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TABLE 19.2 Physical Properties of Journal Bearing Materials
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19.9 Downloaded from Digital Engineering Library @ McGraw-Hill (www.digitalengineeringlibrary.com) Copyright 2004 The McGraw-Hill Companies. All rights reserved. Any use is subject to the Terms of Use as given at the website.
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JOURNAL BEARINGS 19.10
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BEARINGS AND LUBRICATION
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TABLE 19.3 Bearing Alloy Material Applications
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bearing operates in a clean, moderate-temperature environment and is not part of an electric machine. After the list of criteria has been established, each component criterion is compared with all other criteria, and a graduation mark is allocated from 0, if there is no difference in the criterion, to 3, if there are large differences. For example, compressive strength (A1 in Table 19.6) might receive a 0 when compared with fatigue strength (A2) but receive a 3 when compared to thermal conductivity (B1), and so forth. When all component criteria have been compared with one another and graduation marks assigned, the graduation marks of each criterion are totaled and the sum of all these totals is divided into each amount, to obtain the component criteria weighting factors. The sum of all the weighting factors obviously is unity.
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Downloaded from Digital Engineering Library @ McGraw-Hill (www.digitalengineeringlibrary.com) Copyright 2004 The McGraw-Hill Companies. All rights reserved. Any use is subject to the Terms of Use as given at the website.
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TABLE 19.4 Performance Ratings from 5 (High) to 1 (Low) for Bearing Alloy Materials
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19.11 Downloaded from Digital Engineering Library @ McGraw-Hill (www.digitalengineeringlibrary.com) Copyright 2004 The McGraw-Hill Companies. All rights reserved. Any use is subject to the Terms of Use as given at the website.
JOURNAL BEARINGS
TABLE 19.5 General Information on Self-Lubricating Bearing Materials
19.12 Downloaded from Digital Engineering Library @ McGraw-Hill (www.digitalengineeringlibrary.com) Copyright 2004 The McGraw-Hill Companies. All rights reserved. Any use is subject to the Terms of Use as given at the website.
JOURNAL BEARINGS 19.13
JOURNAL BEARINGS
TABLE 19.6 Journal Bearing Material Selection Criteria
Next the candidate materials are given quality marks for the various component criteria. These marks range from 5 (excellent, or high) to 1 (poor, or low). For instance, tin-based babbitts are known to have only fair (2) fatigue strength, whereas they have excellent (5) resistance to corrosion. The final ranking of the candidate materials is obtained by comparing the sums of the products of all component criteria weighting factors and quality marks.
19.4 PRESSURE EQUATION FOR A LUBRICATING FILM
19.4.1 Reynolds Equation The differential equation which governs the pressure in a lubricating film is called the Reynolds equation. Bearing performance can be evaluated once the solution of this equation is in hand. To develop the Reynolds equation, consider a portion of the fluid film of a journal bearing (Fig. 19.1). In general, there are three velocity components in the film: u, v, and w. There are three equations of motion (momentum equations), one for each coordinate direction. The collection is known as the Navier-Stokes equations, and each equation may be written in the following form: Inertial forces = pressure forces + body forces + viscous forces (19.1)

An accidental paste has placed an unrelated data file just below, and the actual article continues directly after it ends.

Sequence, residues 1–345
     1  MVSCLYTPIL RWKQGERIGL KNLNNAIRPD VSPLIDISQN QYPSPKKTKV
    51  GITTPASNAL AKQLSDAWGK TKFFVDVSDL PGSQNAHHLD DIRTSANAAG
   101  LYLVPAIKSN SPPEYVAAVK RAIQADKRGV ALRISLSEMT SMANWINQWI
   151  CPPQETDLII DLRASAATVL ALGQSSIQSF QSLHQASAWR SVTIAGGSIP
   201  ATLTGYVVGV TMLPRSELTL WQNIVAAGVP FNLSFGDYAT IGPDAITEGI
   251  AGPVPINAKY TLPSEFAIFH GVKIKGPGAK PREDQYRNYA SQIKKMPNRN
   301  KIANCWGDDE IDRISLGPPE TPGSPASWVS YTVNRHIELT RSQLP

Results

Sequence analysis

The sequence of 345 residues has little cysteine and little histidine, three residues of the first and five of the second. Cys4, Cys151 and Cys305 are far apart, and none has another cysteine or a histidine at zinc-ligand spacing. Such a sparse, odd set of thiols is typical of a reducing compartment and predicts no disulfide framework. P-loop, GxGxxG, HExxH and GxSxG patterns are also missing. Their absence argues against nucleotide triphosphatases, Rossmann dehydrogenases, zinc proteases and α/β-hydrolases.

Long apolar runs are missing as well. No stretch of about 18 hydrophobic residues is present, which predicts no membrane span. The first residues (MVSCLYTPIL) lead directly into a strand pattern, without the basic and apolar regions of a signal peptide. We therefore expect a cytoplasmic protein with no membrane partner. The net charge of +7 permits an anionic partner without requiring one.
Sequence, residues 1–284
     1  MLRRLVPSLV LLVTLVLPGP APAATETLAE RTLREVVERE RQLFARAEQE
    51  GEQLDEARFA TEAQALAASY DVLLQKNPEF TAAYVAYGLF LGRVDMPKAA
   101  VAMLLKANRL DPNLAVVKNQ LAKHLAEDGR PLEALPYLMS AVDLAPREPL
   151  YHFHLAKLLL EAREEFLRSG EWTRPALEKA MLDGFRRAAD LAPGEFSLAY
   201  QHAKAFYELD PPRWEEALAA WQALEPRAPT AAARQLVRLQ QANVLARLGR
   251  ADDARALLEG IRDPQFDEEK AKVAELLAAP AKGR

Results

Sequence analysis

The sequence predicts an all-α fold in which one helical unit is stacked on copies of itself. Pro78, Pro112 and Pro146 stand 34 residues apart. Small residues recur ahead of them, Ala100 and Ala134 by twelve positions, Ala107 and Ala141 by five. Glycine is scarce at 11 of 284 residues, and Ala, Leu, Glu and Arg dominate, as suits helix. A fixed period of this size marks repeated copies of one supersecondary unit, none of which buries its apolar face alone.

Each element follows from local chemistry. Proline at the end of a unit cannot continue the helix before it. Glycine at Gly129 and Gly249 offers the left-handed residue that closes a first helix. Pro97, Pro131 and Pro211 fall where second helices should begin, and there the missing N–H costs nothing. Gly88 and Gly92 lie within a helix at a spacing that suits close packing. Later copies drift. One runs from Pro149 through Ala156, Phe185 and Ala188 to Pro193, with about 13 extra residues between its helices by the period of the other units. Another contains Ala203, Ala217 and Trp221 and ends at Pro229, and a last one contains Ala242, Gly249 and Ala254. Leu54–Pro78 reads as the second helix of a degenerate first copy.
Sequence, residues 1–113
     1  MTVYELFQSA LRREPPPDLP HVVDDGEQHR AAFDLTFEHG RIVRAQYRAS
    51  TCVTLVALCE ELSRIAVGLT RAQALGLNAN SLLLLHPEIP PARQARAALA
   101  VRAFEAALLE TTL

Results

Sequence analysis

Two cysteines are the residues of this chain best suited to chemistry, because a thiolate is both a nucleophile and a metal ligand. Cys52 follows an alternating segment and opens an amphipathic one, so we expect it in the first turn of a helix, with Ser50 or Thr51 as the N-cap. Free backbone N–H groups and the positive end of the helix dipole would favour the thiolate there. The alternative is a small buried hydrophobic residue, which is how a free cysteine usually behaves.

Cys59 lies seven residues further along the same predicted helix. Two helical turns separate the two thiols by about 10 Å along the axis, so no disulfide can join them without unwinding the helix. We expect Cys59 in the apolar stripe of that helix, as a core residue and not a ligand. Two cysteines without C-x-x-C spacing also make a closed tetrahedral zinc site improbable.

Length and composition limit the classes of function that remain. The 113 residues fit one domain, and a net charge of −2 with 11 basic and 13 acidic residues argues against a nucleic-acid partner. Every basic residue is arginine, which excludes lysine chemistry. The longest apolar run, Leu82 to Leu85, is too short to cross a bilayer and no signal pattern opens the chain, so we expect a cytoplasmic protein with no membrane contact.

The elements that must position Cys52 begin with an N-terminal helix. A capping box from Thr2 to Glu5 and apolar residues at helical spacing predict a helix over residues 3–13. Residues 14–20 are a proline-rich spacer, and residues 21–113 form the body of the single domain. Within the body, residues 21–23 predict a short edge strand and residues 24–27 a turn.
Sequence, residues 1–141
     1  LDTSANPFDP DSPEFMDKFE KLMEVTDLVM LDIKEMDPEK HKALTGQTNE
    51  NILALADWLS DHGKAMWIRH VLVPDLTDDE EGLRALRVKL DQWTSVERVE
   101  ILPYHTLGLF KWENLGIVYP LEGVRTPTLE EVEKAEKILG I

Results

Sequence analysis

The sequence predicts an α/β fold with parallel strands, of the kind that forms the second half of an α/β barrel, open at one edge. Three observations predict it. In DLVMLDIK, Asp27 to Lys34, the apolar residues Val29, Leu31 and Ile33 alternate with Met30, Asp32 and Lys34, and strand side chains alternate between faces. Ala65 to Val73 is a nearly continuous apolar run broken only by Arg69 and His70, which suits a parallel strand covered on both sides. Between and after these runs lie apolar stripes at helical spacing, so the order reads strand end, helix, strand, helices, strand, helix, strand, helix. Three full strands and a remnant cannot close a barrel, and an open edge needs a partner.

The Navier-Stokes equations in their complete form are too involved for analytical solution.They can, however, be reduced, and subsequently solved, by making several simplifying yet plausible assumptions:
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JOURNAL BEARINGS 19.14
BEARINGS AND LUBRICATION
1. The flow is laminar. 2. The inertial and body forces are small compared to the pressure and viscous forces. 3. The curvature of the film is negligible; the bearing surfaces are, therefore, nearly parallel. 4. The variation of pressure across the film P/ y is negligibly small. 5. The transverse velocity component across the film, v, is small compared to the other velocity components. 6. The velocity gradients across the film dominate over all other velocity gradients. Application of these assumptions to mathematical versions of Eq. (19.1), and to an integrated version of the conservation of mass (the continuity equation), yields the Reynolds equation for a liquid-lubricated bearing: (Ub + Uj) h3 p h3 p h h + = 6(Ub + Uj) + 6h + 12 x x x z z x t (19.2)
The first grouping on the right-hand side of Eq. (19.2) is called the wedge term and must be negative to generate positive pressures. The third term on the right is called the squeeze term, and it will generate positive pressures when h/ t < 0. The squeeze term vanishes for a steadily loaded bearing. Both the wedge and the squeeze terms vanish for a purely hydrostatic case. If the bearing surface is fixed (Ub = 0), if the shaft is rotating with a speed (that is, Uj = U = R ), and if the viscosity of the lubricant is constant, then Eq. (19.2) may be written as p p h U h h3 + h3 = 6 R + 6 h + 12 x z x z x x t (19.3)
For comparative purposes, it is useful to cast the steady version of Eq. (19.3) into nondimensional form. This can be accomplished by defining the following nondimensional variables: x R z L/2
p Also, since = 2 N,
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